December 2

Harry Thacker Burleigh (December 2, 1866 – September 12, 1949) is best known for his arrangements of "Deep River" and other traditional folk songs of African American heritage

Alfred Edgar Smith (December 2, 1903 - May 26, 1986) worked as a hotel bellhop and racetrack exercise boy in Hot Springs, Arkansas to earn money to attend Howard University, where he earned a BA in social science (1928) and an MA in history (1932). He was Director of Colored Work for the Federal Emergency Relief Administration (FERA), which later became the WPA, and was part of FDR's Federal Council on Negro Affairs, unofficially known as the "Black Cabinet: (shown above). He later worked for the Civil Defense Agency, Public Housing Authority, and Department of Labor, primarily as an information and race relations officer. He founded the Capital Press Club as a professional organization for black journalists in Washington DC since they were excluded from the National Press Club, and also wrote for the Chicago Defender as a Washington correspondent and a columnist under the name "Charlie Cherokee". In a 1982 New York Times article he admitted to leaking information injustices within the government to the NAACP and National Urban League.


Lewis Hayden (December 2, 1811 - April 7, 1889) escaped slavery in Kentucky with the help of Calvin Fairbank, who spent 17 years of his life imprisoned for active work in the Underground Railroad. Hayden settled first in Detroit where he founded the Colored Methodist Society, then in Boston where he was an abolitionist speaker and organizer, and successful merchant. He was one of five African American members of the Boston Vigilance Committee, which was created to aid and protect fugitive slaves, and often functioned as a liaison between white and black activists. He and his wife, Harriet, operated their home as a boardinghouse, and up to a quarter of the escapees through the Underground Railroad may have passed through there, as well as receiving donations from his clothing store. Hayden was Grand Master of the Prince Hall Freemasons and established lodges in the south after the Civil War. He left his estate of $5000 to Harvard to educate black medical students, perhaps the only university endowment by anyone formerly enslaved.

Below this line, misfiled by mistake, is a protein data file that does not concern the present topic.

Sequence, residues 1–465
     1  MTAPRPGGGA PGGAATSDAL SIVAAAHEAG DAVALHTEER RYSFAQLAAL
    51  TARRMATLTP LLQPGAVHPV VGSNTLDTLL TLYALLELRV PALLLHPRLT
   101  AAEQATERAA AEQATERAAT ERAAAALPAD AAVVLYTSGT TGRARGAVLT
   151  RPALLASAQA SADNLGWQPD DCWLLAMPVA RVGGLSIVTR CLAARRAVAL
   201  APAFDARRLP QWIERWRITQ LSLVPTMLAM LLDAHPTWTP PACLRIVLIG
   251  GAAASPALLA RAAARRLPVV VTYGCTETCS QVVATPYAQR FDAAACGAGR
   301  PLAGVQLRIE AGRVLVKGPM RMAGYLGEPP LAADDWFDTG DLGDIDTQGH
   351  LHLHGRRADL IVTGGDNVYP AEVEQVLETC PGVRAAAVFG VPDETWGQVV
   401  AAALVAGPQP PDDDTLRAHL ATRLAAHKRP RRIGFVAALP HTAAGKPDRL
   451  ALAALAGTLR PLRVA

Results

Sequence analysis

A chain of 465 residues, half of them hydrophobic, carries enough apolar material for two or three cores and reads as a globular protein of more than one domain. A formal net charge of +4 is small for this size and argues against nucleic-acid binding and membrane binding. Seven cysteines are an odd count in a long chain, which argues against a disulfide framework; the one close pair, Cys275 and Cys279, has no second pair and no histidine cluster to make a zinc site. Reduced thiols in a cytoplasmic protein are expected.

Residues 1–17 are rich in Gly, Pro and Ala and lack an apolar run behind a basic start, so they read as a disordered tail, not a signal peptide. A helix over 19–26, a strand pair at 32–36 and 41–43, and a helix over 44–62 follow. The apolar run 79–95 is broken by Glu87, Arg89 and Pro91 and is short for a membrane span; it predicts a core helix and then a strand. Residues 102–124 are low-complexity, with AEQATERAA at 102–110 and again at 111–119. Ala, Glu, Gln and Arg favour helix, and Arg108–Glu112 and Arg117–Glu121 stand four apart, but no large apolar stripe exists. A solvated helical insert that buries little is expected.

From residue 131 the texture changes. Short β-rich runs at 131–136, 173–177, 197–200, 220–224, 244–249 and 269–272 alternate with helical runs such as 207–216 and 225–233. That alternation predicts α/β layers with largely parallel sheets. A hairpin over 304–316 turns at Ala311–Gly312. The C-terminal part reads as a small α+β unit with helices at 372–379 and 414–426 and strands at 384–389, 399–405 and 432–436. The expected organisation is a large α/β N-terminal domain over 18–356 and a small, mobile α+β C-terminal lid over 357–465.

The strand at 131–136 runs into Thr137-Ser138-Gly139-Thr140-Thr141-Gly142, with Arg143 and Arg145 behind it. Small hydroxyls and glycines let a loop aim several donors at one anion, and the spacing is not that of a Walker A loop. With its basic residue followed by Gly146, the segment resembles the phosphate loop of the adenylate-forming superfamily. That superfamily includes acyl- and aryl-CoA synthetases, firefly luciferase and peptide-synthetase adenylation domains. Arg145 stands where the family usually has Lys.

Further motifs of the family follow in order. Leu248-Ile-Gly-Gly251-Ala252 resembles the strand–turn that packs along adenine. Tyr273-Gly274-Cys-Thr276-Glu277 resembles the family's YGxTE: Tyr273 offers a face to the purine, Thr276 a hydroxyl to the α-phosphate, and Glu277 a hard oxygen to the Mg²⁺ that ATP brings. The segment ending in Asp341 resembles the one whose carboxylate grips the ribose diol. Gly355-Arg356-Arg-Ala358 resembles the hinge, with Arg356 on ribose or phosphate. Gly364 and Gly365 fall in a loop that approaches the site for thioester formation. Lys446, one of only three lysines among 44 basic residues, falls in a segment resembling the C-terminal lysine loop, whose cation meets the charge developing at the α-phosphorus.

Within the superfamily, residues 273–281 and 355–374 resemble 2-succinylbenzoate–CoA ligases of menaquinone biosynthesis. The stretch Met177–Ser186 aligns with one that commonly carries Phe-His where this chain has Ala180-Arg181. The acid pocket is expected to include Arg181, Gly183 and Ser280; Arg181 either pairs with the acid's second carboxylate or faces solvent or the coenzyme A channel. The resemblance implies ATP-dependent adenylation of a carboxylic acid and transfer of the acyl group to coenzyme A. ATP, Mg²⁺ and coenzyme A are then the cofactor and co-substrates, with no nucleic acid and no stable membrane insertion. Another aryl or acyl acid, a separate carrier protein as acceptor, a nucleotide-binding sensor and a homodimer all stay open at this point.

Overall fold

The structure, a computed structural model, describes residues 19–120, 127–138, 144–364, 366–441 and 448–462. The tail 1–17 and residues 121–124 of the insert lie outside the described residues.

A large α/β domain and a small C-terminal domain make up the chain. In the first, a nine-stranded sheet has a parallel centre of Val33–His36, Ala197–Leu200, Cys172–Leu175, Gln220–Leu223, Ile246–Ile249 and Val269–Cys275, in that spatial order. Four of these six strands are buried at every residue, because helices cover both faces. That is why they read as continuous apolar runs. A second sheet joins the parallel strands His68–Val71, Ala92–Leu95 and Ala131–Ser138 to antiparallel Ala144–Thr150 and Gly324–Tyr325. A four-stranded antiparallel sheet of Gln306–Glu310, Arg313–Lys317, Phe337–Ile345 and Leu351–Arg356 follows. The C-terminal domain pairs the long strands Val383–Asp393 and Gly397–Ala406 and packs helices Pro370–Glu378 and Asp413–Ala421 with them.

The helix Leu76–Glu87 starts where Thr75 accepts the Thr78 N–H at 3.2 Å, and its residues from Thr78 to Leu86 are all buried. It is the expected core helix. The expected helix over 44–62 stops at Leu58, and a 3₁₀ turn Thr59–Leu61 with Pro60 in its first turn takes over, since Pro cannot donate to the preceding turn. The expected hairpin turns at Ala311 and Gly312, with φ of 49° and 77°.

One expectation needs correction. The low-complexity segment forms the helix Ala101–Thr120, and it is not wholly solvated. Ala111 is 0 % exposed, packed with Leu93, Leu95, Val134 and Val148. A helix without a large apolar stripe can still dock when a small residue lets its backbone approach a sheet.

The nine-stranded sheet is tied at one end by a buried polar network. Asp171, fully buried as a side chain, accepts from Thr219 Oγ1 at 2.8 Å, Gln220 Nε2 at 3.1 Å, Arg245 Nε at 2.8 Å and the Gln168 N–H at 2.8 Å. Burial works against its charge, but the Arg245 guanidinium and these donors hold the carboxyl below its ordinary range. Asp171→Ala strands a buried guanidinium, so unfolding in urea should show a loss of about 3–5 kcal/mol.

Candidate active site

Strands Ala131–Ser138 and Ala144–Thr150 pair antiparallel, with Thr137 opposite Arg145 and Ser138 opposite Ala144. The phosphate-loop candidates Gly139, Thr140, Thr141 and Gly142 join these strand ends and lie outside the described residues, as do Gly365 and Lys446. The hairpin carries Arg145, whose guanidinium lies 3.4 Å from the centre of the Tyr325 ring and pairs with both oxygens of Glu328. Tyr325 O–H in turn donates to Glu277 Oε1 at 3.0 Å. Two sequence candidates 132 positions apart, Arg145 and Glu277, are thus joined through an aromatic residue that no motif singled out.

Harry T. Burleigh (December 2, 1866 – September 12, 1949) studied voice and later taught at the National Conservatory of Music, and was a soloist for St. George's Episcopal church in New York City for 52 years. In the late 1890s, he also began to publish his own arrangements of art songs. About 1898 he began to compose his own songs and by the late 1910s was was one of America's best-known composers of art songs. He  published several versions of the spiritual "Deep River" in 1916 and 1917, and he quickly became known for his arrangements of spirituals for voice and piano. Burleigh is honored with a feast day on the liturgical calendar of the Episcopal Church (USA) on September 11.

Charles H. Wesley (December 2, 1891 - August 16, 1987) wrote 24 books on African American life. He also collaborated with Carter G. Woodson and followed him as Director of the ASAALH in 1965. Dr. Wesley had previously served as Dean of Liberal Arts and Graduate Studies at Howard, President of Wilberforce College, and Founding President of Central State University (Ohio). He was an ordained A.M.E. minister, General President of Alpha Phi Alpha, archon of Sigma Pi Phi, and Sovereign Grand Inspector General of the Prince Hall Freemasons. He held a bachelor's degree from Fisk, a master's from Yale, a PhD from Harvard (the fourth African American to do so), and a Doctorate of Divinity from Wilberforce.

William Fontaine (December 2, 1909 - December 29, 1968) taught philosophy at Lincoln University, Southern University, Morgan State College, and for twenty years at the University of Pennsylvania. One of his students at Lincoln was future president of Ghana, Kwame Nkrumah. For many years he was the only African American philosopher in the Ivy League and is best remembered for his book Reflections on Segregation, Desegregation, Power, and Morals published one year before his death from tuberculosis, which had affected his health for twenty years.

Charles Coles Diggs, Jr. (December 2, 1922 - August 24, 1998) was the first African American elected to Congress from Michigan. Diggs was an early member of the civil rights movement. He attended the trial of Emmett Till's murders, and was elected the first chairman of the Congressional Black Caucus. He attended Fisk University and the University of Michigan.